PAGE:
ELLSWORTH — What makes an artist? The question is often asked but rarely answered well because really, who can say for sure?
For musician Blake Pattengale, who just released a four-song EP with his band Two Truths, it all began at Ellsworth Middle School.
“I started playing guitar while at the middle school,” the 2012 Ellsworth High School graduate recalled. “I was really into rock, and [the movie] “School of Rock” and Guitar Hero were big influences on me and why I got into playing guitar.”
But not every seventh-grader who watched and rewatched “School of Rock” graduates from a music conservatory. Pattengale received his degree from the Eastman School of Music jazz program in 2018. At the time, he was performing hip-hop music as Red Beard Samurai.
This was a change from his high-school classic rock cover band Impartial Crowd.“My college career took a turn, he admitted. “That was a very hip-hop-oriented project and super fun to pursue at the time … We had a big nine-piece band with a full horn section and did a ton of shows.”
His latest project, Two Truths, is more jazz influenced but has echoes of Thom Yorke and Nick Drake, both musicians with varied influences.
“People always have this assumption that if you do the rock band in high school, you only like rock. Or if you do a hip-hop project, you’re only a hip-hop head,” Pattengale said. “I guess the point is I still like all those influences and all that music.”
Now he uses just his first and middle names — Jonathan Blake — as he and his bandmates get ready to move to Los Angeles. Two Truths celebrated their EP release “Electric Campfire” on Nov. 18 at the club Abilene in Rochester, N.Y. A reviewer in Rochester’s City newspaper wrote, “It’s impossible to walk away from Two Truths’ first endeavor without a feeling of awe and excitement for what’s to come for this band.”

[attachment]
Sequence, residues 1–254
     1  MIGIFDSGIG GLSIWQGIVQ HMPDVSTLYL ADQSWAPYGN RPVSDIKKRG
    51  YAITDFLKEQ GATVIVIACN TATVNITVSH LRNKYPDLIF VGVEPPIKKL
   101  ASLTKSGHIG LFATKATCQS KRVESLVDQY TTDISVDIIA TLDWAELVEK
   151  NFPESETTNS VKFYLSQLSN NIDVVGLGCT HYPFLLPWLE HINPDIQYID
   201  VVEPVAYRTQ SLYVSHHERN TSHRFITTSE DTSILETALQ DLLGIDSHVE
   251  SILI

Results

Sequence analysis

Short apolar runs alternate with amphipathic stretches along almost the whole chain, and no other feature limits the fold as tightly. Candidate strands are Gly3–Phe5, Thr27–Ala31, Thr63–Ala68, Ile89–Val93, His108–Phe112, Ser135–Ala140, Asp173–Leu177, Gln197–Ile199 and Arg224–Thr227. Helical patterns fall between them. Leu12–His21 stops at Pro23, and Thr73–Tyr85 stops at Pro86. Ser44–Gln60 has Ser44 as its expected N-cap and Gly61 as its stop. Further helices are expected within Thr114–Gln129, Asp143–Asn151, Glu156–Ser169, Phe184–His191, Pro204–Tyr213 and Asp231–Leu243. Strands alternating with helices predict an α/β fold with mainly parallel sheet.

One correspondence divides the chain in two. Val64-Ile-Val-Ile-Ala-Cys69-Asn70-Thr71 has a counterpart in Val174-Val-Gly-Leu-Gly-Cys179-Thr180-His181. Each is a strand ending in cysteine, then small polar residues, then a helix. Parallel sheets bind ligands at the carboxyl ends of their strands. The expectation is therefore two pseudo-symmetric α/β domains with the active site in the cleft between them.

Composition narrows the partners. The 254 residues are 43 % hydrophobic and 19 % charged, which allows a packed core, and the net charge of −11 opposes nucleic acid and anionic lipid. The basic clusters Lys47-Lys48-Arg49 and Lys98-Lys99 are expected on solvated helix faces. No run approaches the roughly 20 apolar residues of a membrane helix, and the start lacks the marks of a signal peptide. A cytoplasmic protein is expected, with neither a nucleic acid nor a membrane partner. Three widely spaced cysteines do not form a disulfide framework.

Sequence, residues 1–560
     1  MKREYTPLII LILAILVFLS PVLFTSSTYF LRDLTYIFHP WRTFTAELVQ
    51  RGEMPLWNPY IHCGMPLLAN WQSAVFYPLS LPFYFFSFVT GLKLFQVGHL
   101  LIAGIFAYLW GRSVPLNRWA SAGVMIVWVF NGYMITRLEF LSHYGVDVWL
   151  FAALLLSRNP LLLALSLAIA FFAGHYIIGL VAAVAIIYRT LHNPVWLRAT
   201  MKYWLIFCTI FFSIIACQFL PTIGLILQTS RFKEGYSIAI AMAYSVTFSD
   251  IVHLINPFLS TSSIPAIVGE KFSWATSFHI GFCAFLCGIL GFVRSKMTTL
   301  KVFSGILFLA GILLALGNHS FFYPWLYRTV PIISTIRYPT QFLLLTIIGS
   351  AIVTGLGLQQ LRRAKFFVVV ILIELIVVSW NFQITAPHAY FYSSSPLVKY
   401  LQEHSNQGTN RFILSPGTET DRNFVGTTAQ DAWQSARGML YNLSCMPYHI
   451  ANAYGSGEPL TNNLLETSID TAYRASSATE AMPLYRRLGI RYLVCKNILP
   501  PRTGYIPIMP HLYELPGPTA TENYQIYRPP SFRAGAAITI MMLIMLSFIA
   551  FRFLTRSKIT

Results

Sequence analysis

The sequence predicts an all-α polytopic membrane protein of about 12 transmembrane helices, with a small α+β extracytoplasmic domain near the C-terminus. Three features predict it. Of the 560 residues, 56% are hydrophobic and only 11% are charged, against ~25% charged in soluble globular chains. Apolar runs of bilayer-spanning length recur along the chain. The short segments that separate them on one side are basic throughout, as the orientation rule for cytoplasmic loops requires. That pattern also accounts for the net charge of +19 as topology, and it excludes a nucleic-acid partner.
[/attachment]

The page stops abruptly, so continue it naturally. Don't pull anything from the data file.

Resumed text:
His fledgling success comes as no surprise to his high school music teacher, Rebecca Wright, now the assistant principal.
“Blake was an excellent music student who was always pushing the envelope so to speak,” Wright said. “What wasn’t provided in our music program, he found out for himself and always challenged himself to reach higher and create new opportunities.”
Pattengale found a guitar mentor in Portland after entering a competition that helped him to “level up” his musical game.
“It definitely was a challenge,” he said. “Talking to other college students, I realized the Ellsworth School system — they don’t support the arts nearly as much as other things. For example, at Eastman was the first time I really heard stringed instruments, violins, violas and cellos. They don’t exist at Ellsworth [like other schools]. I was like, that’s a thing? It was shocking to me.”
At EHS, Pattengale says he “did every single art thing that you can: pep band, choir, jazz choir, symphonic band.”
Wright remembers well.
“He was a wonderful performer, singer and actor with a truly unique approach and perspective,” she said. “He gave many memorable performances in our state. I am not surprised at all with the path his career and life have taken, and we are very proud to call him one of ours.”